Location is everything in real estate, and some locations prove to be more challenging to develop than others. The open lot at 44 Burbank Street in Boston was just such a location. Projects of this nature are very much driven by their context, and provide designers the chance to creatively weave the massing and materials of the building into the existing urban fabric.
These types of developments also have the potential to visually transform neighborhoods, and though the challenges of building in dense urban locations are oftentimes myriad—obtaining proper city approvals, etc.—the benefits can be great for developers and communities alike.
Repurposing existing unused or underutilized facilities is another option that developers have been exploring to cater to those seeking a more urban lifestyle. Symphony Court, in Boston’s Fenway-Kenmore neighborhood, is a dramatic example: The existing structure was a 6-story parking garage, built in 1918. Its conversion into elegant condominiums was transformative, not just for the building, but also for the neighborhood. Adaptive reuse of existing buildings has the added benefit of being a sustainable method of development, which is especially important in an aging and evolving city like Boston.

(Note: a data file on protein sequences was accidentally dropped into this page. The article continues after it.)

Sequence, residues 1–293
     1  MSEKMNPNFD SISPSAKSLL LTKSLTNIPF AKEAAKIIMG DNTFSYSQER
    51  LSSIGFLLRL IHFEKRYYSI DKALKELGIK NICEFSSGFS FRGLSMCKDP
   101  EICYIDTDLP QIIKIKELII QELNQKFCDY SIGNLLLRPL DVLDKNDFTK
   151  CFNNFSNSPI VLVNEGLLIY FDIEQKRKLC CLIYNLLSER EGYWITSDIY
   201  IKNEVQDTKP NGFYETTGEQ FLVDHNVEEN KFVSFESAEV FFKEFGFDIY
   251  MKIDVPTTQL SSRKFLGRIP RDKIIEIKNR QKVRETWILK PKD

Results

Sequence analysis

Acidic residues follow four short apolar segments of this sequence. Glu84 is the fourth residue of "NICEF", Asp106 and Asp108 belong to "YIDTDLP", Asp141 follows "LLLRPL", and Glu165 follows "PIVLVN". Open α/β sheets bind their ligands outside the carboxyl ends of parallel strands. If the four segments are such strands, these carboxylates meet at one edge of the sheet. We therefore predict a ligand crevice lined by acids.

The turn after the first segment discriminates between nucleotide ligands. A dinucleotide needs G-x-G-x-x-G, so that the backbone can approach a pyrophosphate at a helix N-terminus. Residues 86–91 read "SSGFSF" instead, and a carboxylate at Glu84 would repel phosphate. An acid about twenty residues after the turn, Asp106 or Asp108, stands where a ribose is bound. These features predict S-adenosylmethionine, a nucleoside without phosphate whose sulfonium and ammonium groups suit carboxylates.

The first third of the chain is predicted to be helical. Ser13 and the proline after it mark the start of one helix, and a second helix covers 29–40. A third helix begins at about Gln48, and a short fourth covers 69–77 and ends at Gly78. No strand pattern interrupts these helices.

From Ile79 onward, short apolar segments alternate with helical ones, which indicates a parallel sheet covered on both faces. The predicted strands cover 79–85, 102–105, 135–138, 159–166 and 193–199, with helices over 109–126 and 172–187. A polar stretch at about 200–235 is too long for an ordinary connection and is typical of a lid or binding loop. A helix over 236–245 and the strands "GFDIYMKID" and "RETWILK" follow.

Keep reading to learn more about the transformation of Symphony Court.